K-Beauty’s Third Wave Is Here — & They Saved The Best For Last

Say goodbye to panda masks and banana hand cream. The newest imports from Korea are heavy on science, light on gimmicks.

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Ask any American consumer about K-beauty, and they might tell you about the panda-face sheet mask they bought from Amazon or the kitten-shaped lip gloss they saw in line at CVS. But while cutesy prints and cartoon animals have become a hallmark of the category in the U.S., many Korean women argue that’s only the fringe of the market. In reality, K-Beauty is a skin-care tradition steeped in wellness, simplicity, and efficacy.
“Yes, there is a cute market in Korea, but that is a trend that comes and goes,” says Jacklyn Lim, the Chief Marketing Officer at CarverKorea, the Seoul-based beauty company that created the skin-care brand AHC. “The core essence of K-beauty is about utilizing the right products to take care of yourself and be your best self. In the U.S., it’s gotten this weird positioning where it’s the cartoony stuff, and you’ve got to do these seven steps.”
That perception is partly due to social media, where bubbly face masks and shelfies full of colorful fruit-shaped tubes are catnip for likes and shares. “It’s only one element of what Korean skin care is, but it is so Instagrammable,” says Liah Yoo, who formerly worked with K-beauty giant Amorepacific and launched her own clean beauty brand, Krave Beauty, in 2017. "Back then, if you walked into an American drugstore, there was nothing like a panda mask or banana hand cream."
Since then, the K-Beauty category has grown exponentially from $59 million in 2012 to a whopping $511 million in 2018. You can now find Korean-inspired sections in every retailer from CVS to Saks Fifth Avenue. But for those who think the K-Beauty phenomenon has crested, we've still only seen a fraction of the market. In fact, the latest imports are some of the country’s biggest power players — and have the potential to completely transform the perception of the category.
The very first wave of [K-beauty] was focused on making interesting products packaged in a unique way,” explains Yoo. “It was very eye-catching and generated a lot of viral videos and user-generated content. Sheet masks and a multi-step skin-care routine was the second generation of K-beauty in the U.S. The third wave isn’t about the trends or viral product. It’s going to be more focused on building long-lasting, sustainable brands in the U.S.”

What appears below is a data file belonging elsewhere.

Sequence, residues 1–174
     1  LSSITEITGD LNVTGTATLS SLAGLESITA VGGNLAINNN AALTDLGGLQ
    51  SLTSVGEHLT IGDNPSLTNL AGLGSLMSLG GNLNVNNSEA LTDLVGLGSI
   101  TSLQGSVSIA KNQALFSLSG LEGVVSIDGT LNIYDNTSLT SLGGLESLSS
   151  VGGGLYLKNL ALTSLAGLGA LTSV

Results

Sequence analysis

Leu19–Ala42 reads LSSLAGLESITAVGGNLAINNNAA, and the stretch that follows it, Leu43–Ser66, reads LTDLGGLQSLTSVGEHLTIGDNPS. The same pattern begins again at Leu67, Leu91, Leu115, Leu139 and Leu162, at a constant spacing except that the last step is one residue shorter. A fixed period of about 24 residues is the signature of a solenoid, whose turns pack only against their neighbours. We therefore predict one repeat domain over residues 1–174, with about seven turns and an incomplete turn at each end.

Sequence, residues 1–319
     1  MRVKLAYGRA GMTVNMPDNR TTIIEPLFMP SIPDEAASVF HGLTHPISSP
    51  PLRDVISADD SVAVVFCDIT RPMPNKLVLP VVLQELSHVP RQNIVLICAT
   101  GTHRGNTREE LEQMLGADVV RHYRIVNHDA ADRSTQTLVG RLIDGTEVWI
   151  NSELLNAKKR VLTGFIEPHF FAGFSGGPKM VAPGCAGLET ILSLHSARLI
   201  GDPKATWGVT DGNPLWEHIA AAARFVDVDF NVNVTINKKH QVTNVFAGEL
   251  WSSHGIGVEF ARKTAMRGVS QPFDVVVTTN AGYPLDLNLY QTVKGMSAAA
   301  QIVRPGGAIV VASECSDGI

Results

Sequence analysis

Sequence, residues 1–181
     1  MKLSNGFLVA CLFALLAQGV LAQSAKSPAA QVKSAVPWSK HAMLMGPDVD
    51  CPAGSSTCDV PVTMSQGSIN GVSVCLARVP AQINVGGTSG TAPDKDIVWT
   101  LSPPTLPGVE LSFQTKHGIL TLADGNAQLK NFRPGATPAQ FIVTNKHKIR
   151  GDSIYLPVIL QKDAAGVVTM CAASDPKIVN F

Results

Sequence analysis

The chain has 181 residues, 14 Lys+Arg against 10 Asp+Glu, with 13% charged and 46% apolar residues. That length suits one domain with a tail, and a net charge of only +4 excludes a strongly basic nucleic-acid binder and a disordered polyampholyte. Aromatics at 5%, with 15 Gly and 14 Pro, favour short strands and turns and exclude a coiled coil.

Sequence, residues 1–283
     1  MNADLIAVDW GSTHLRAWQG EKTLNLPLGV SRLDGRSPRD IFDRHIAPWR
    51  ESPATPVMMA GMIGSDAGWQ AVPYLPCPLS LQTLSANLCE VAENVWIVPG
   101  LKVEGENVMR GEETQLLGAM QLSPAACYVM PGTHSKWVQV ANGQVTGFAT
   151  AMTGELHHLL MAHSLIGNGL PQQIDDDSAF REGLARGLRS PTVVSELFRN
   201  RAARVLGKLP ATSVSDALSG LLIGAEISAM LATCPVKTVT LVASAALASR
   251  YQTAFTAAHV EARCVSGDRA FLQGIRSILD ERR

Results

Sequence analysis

"The third wave isn’t about the trends or viral product. It’s going to be more focused on building long-lasting, sustainable brands in the U.S.”

Liah Yoo
For these new recruits, the brand story isn’t about trendy ingredients or Instagram-worthy gimmicks — it’s about efficacy. AHC, a South Korean skin-care brand known for its spas, recently launched six products in its hyaluronic acid-packed lineup that’s tailored to the U.S. consumer. Mediheal, Korea’s #1 sheet mask brand, also dropped in the U.S. this summer; its products are denoted by an unassuming I.V. logo. And Amorepacific’s no-frills Primera line, which is focused on botanical and natural ingredients, is already a star player in Sephora’s Clean Beauty section.
While all three of these names were relatively unknown to American consumers before 2019, they're all well-established institutions in Seoul. AHC has more than 5,000 spas in South Korea and even featured Anne Hathaway in its skin-care campaigns in 2017. Mediheal sells five masks every second between the 30 Asian Pacific countries where it’s sold. And Primera has a flagship store in the heart of the Myeong-dong shopping district of Seoul, where customers line up daily for its best-selling Miracle Seed Essence.
So why have some of the biggest players in the K-beauty space delayed their entrance into the lucrative American market until now? With a strong tourist relationship between Korea and China, not all brands were focused on expansion, Yoo hypothesizes. “A lot of K-beauty brands were reliant on Chinese visiting Korea and stocking up with suitcases, but the trade agreements and political climate has made travel rough,” says Yoo.
Yoo is largely referring to the travel bans China enacted in 2017 after South Korea launched a U.S.-made anti-ballistic missile system that could potentially spy on Chinese military activity. The number of Chinese tourists visiting South Korea between March and October of that year plunged by more than 60% — and the effects were felt all across the Korean economy, including in the beauty industry. “The barrier to entry in the Chinese market has gotten higher. Naturally, a lot of the K-beauty brands are realizing they need to enter a new market and diversify to generate more revenue,” says Yoo.